The past few years have witnessed a significant change in the understanding of how the vertebrate nervous sys- tem forms during embryogenesis. More than seventy years since Spemann and Mangold first demonstrated the phenomenon of neural induction, the molecular mechanisms underlying neural induction now appear to be at hand. Two independent approaches, one focusing on a “default” or “ground-state” model for neural induc- tion and the other culminating in the discovery of se- creted neural inducing factors (noggin, follistatin, and chordin), have not only brought to a successful conclu- sion the search for Spemann’s neuralizing factor, but also illuminated its mechanism of action. It now appears that neuralization of embryonic cells occurs when cells do not receive other inducing signals telling them to form epidermis, mesoderm, or endoderm. This concept of neuralization allows for a reinterpretation of the classi- cal views on both neural and epidermal specification. The secreted growth factor BMP4 (Bone Morphogenetic Protein) plays a pivotal role wherein BMP signaling in- duces epidermal differentiation. It is the absence of BMP signaling, accomplished by BMP antagonists including noggin, follistatin, and chordin, that leads to the forma- tion of neural tissue.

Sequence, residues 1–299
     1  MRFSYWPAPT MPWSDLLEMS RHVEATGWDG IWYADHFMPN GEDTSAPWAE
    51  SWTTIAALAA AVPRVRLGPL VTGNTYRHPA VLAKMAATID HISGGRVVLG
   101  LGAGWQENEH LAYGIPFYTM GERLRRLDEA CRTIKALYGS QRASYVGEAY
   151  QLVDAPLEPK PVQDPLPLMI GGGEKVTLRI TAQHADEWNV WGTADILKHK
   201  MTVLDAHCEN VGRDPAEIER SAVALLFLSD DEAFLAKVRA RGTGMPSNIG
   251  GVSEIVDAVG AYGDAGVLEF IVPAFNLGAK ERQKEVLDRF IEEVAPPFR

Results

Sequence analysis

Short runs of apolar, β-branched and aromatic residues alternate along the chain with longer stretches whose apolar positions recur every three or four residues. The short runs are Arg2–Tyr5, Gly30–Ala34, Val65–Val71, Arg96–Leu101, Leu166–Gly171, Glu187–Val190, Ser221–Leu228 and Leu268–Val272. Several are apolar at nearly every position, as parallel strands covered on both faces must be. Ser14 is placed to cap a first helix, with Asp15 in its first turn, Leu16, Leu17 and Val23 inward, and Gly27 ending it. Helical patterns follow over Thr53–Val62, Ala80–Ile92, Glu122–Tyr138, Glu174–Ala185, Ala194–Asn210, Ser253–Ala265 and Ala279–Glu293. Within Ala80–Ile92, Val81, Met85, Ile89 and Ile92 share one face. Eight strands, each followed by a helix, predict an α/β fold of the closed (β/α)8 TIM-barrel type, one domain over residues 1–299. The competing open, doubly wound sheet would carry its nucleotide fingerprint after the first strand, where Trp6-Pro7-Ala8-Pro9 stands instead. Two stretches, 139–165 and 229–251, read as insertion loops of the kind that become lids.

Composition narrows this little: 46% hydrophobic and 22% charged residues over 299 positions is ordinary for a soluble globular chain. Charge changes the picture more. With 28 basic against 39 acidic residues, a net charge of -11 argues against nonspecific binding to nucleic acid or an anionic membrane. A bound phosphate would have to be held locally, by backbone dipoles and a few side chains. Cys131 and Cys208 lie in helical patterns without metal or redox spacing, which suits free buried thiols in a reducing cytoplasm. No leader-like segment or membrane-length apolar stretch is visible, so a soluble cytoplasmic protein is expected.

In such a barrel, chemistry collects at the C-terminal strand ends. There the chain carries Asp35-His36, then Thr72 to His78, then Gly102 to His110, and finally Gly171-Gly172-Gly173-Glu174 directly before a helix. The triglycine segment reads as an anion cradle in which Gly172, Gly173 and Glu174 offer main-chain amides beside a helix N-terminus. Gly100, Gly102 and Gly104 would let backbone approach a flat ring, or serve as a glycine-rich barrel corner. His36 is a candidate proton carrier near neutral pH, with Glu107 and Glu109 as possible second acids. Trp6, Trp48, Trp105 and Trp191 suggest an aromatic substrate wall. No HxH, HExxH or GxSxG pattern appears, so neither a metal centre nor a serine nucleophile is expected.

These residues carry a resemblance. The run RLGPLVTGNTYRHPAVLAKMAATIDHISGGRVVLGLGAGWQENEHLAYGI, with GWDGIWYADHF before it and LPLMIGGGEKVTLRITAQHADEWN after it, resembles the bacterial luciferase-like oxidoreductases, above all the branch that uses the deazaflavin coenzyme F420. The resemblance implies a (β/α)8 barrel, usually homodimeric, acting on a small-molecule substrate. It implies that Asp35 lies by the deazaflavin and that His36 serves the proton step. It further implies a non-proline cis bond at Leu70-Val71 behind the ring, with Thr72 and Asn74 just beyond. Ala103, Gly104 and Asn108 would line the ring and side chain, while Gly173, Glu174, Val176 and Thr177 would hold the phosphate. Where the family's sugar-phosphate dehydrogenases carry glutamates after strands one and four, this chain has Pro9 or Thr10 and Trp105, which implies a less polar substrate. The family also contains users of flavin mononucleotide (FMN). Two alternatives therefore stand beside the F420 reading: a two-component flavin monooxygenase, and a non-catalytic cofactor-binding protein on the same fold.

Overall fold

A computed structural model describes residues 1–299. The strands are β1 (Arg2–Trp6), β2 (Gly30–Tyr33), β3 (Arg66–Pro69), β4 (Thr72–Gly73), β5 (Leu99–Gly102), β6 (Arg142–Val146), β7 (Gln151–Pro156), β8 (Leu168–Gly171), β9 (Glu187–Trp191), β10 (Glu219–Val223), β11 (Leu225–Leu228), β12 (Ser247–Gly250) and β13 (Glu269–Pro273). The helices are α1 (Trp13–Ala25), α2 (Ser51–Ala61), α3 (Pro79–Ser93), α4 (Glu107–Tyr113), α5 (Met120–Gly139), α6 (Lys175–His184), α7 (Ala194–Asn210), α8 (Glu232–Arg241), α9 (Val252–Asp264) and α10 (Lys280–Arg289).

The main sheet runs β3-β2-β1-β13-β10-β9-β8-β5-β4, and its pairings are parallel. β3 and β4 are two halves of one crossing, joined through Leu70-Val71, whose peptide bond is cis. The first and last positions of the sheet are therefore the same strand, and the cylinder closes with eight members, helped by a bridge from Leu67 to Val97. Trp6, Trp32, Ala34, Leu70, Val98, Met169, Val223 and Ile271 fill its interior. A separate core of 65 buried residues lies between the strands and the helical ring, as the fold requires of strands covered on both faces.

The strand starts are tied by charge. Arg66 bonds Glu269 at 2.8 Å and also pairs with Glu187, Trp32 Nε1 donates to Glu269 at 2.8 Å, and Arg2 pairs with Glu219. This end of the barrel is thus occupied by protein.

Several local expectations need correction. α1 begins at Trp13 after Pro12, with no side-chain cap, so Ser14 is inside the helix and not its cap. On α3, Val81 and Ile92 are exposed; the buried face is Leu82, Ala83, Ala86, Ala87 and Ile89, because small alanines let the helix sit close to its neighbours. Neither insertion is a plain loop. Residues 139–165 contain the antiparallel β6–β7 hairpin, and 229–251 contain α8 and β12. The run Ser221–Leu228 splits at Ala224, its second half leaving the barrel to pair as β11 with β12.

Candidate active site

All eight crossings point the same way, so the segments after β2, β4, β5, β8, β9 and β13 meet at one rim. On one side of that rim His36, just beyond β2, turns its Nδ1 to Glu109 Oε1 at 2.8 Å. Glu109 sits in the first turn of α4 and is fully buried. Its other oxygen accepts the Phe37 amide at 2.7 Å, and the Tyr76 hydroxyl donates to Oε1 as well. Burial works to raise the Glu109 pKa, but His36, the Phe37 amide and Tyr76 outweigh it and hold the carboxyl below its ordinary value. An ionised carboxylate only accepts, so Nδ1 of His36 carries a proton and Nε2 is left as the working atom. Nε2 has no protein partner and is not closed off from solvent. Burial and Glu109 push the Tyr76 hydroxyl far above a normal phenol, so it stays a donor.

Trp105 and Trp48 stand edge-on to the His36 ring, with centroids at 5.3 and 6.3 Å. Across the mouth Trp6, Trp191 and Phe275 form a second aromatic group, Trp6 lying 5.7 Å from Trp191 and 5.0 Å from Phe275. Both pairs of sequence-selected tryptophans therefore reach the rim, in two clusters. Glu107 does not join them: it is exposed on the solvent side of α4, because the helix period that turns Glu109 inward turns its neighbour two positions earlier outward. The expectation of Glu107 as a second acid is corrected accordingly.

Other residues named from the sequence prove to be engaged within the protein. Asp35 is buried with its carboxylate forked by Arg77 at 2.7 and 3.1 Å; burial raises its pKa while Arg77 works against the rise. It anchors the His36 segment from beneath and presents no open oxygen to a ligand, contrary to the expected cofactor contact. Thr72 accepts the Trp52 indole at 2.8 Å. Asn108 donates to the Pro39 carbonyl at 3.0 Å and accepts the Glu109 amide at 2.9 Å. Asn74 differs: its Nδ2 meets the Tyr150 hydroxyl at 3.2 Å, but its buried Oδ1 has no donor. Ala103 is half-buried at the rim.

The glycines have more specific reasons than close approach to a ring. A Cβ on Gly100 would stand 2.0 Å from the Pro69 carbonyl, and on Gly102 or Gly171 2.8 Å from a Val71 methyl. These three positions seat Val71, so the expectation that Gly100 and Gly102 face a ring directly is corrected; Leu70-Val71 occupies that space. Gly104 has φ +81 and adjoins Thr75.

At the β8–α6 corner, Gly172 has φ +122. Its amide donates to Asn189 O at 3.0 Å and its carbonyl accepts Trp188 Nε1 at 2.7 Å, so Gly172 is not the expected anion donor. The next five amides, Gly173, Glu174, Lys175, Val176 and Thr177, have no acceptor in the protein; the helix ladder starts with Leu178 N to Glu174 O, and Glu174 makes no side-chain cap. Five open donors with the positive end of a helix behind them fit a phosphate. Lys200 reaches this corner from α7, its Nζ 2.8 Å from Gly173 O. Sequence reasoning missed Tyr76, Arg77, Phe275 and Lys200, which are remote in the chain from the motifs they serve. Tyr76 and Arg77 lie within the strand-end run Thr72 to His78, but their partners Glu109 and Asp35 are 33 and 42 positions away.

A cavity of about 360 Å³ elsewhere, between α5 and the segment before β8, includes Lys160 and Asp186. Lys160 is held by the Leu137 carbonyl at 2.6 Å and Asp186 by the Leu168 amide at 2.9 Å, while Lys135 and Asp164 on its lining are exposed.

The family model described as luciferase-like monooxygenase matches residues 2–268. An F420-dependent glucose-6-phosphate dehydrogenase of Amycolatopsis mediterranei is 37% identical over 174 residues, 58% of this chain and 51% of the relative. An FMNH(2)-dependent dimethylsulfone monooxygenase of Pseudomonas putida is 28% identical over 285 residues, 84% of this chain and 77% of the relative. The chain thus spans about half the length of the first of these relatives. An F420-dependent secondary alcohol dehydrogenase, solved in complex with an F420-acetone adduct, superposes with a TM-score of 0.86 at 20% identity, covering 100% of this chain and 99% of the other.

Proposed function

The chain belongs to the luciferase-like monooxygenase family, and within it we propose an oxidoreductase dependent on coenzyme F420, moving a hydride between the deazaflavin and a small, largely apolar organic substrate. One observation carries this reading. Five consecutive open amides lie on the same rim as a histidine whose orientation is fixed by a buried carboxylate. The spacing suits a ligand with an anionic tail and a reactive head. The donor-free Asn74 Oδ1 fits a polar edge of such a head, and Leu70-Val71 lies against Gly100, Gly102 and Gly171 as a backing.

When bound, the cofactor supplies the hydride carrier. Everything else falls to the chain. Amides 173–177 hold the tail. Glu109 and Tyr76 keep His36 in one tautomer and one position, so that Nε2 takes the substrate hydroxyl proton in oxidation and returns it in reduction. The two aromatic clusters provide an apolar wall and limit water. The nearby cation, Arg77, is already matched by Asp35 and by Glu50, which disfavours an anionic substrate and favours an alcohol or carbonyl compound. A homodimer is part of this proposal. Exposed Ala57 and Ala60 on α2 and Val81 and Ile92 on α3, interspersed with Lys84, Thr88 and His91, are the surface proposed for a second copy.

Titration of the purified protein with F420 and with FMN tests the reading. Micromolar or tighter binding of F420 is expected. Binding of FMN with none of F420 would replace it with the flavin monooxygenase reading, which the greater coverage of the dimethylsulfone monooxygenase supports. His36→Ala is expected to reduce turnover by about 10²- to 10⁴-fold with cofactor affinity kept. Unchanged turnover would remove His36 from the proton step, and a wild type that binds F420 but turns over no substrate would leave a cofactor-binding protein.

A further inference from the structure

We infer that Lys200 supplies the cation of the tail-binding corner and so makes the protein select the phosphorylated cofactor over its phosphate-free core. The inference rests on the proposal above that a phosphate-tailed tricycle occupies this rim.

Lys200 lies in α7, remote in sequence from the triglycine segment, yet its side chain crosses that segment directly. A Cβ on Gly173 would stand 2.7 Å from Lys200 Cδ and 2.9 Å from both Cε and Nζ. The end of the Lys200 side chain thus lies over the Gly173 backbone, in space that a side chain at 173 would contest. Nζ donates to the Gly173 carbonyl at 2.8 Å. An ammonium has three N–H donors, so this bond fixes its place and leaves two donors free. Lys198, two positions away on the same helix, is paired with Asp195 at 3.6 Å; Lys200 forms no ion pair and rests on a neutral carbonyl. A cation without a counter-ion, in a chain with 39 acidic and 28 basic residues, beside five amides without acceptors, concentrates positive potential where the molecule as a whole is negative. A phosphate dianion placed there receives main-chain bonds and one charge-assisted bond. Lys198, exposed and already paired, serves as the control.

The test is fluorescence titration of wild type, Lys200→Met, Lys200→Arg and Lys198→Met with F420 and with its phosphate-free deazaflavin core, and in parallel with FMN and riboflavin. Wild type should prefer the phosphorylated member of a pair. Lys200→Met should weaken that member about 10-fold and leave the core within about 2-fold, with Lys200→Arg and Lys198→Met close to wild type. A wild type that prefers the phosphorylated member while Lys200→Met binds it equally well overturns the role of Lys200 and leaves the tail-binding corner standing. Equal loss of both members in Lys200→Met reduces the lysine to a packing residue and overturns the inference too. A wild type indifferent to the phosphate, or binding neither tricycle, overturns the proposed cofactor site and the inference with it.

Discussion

Hemmati-Brivanlou, A., & Meltont, D. (1997, January 10). Vertebrate embryonic cells will become nerve cells unless told otherwise. Cell. Cell Press. https://doi.org/10.1016/S0092-8674(00)81853-X